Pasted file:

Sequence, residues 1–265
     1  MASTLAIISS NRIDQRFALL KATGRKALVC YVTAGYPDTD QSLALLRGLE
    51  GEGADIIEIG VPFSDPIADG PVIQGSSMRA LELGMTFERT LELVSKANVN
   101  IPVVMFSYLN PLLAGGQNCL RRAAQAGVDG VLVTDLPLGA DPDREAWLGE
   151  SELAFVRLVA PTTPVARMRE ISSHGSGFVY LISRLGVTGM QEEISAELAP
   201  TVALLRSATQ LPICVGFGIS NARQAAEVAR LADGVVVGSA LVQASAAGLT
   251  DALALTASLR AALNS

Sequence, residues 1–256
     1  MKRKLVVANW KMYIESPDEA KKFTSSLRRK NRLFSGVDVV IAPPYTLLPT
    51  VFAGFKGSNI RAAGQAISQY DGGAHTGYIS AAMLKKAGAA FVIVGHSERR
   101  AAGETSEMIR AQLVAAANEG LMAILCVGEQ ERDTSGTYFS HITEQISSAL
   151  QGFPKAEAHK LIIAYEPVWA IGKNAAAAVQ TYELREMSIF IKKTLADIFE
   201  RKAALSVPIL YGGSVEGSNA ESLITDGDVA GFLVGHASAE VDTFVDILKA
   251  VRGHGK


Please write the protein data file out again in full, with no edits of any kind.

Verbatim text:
Sequence, residues 1–265
     1  MASTLAIISS NRIDQRFALL KATGRKALVC YVTAGYPDTD QSLALLRGLE
    51  GEGADIIEIG VPFSDPIADG PVIQGSSMRA LELGMTFERT LELVSKANVN
   101  IPVVMFSYLN PLLAGGQNCL RRAAQAGVDG VLVTDLPLGA DPDREAWLGE
   151  SELAFVRLVA PTTPVARMRE ISSHGSGFVY LISRLGVTGM QEEISAELAP
   201  TVALLRSATQ LPICVGFGIS NARQAAEVAR LADGVVVGSA LVQASAAGLT
   251  DALALTASLR AALNS

Sequence, residues 1–256
     1  MKRKLVVANW KMYIESPDEA KKFTSSLRRK NRLFSGVDVV IAPPYTLLPT
    51  VFAGFKGSNI RAAGQAISQY DGGAHTGYIS AAMLKKAGAA FVIVGHSERR
   101  AAGETSEMIR AQLVAAANEG LMAILCVGEQ ERDTSGTYFS HITEQISSAL
   151  QGFPKAEAHK LIIAYEPVWA IGKNAAAAVQ TYELREMSIF IKKTLADIFE
   201  RKAALSVPIL YGGSVEGSNA ESLITDGDVA GFLVGHASAE VDTFVDILKA
   251  VRGHGK